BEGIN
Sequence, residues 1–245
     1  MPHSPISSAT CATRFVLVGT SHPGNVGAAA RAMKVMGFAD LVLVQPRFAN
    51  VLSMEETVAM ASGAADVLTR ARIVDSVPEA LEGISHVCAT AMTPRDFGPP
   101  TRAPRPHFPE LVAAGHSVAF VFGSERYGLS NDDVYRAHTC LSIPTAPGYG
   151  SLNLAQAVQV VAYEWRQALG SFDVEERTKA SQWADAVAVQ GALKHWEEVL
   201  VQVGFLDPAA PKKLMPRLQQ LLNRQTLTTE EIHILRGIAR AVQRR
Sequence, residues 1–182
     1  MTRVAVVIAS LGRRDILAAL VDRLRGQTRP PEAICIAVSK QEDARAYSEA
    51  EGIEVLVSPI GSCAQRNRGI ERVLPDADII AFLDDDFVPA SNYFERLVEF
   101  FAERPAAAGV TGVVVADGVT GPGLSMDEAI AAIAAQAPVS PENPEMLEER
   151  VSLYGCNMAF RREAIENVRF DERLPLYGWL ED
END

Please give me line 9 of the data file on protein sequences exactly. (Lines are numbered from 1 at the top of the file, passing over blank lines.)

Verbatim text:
    51  EGIEVLVSPI GSCAQRNRGI ERVLPDADII AFLDDDFVPA SNYFERLVEF